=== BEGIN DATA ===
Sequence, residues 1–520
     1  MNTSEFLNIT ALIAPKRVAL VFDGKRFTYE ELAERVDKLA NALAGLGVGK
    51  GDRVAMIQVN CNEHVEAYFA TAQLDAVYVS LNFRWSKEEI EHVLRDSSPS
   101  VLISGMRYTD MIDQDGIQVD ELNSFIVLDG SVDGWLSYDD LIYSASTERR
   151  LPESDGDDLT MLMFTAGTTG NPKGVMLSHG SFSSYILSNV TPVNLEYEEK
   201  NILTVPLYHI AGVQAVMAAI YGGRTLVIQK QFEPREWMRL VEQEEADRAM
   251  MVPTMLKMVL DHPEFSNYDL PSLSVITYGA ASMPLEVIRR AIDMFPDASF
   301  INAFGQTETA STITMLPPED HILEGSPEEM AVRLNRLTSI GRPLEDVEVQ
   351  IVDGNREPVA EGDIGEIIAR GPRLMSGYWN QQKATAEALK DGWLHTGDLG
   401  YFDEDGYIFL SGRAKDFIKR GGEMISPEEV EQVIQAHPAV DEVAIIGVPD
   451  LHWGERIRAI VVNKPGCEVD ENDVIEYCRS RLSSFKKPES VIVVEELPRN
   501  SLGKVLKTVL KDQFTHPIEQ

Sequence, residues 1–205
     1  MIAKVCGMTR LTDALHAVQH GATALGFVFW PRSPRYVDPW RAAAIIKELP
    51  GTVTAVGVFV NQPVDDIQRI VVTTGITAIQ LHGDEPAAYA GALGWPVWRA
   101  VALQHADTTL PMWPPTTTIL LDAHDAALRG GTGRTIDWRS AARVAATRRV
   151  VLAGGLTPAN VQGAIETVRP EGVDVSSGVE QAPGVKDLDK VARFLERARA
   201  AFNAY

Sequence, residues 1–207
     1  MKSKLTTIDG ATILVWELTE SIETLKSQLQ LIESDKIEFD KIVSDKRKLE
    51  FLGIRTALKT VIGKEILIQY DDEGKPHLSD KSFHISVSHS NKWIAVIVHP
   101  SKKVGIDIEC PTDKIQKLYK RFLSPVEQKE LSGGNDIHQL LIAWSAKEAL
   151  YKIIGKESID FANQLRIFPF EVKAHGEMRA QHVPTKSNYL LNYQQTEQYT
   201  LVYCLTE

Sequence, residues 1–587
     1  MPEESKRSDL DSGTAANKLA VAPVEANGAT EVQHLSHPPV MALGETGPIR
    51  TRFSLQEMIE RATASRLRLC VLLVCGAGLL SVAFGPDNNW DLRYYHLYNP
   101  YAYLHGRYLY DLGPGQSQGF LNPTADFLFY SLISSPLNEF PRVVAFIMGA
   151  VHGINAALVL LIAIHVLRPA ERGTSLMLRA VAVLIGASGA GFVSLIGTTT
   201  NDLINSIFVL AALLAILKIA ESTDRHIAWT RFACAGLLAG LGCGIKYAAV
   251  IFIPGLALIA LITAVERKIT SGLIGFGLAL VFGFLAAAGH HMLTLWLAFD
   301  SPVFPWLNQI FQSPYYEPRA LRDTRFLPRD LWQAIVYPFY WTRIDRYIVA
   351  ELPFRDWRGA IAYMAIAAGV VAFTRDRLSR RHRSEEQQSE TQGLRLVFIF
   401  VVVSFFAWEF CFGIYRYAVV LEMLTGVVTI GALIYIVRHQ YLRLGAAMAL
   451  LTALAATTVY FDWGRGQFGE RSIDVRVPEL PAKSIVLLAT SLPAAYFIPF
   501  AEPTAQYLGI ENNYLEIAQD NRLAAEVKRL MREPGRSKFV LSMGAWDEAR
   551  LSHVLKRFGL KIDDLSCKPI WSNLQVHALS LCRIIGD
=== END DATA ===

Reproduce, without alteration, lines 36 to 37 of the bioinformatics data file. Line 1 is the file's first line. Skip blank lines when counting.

   501  AEPTAQYLGI ENNYLEIAQD NRLAAEVKRL MREPGRSKFV LSMGAWDEAR
   551  LSHVLKRFGL KIDDLSCKPI WSNLQVHALS LCRIIGD